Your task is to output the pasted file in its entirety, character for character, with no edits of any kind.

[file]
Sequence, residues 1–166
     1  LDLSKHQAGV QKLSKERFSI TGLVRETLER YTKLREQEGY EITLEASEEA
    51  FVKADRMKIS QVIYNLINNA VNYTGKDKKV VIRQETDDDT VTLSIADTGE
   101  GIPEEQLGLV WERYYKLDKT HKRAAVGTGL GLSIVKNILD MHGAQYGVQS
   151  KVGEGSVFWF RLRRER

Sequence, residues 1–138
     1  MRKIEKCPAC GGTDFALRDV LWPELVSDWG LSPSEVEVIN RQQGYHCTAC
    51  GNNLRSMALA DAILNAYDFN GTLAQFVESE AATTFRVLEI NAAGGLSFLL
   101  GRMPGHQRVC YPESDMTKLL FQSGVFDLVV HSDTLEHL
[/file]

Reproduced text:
Sequence, residues 1–166
     1  LDLSKHQAGV QKLSKERFSI TGLVRETLER YTKLREQEGY EITLEASEEA
    51  FVKADRMKIS QVIYNLINNA VNYTGKDKKV VIRQETDDDT VTLSIADTGE
   101  GIPEEQLGLV WERYYKLDKT HKRAAVGTGL GLSIVKNILD MHGAQYGVQS
   151  KVGEGSVFWF RLRRER

Sequence, residues 1–138
     1  MRKIEKCPAC GGTDFALRDV LWPELVSDWG LSPSEVEVIN RQQGYHCTAC
    51  GNNLRSMALA DAILNAYDFN GTLAQFVESE AATTFRVLEI NAAGGLSFLL
   101  GRMPGHQRVC YPESDMTKLL FQSGVFDLVV HSDTLEHL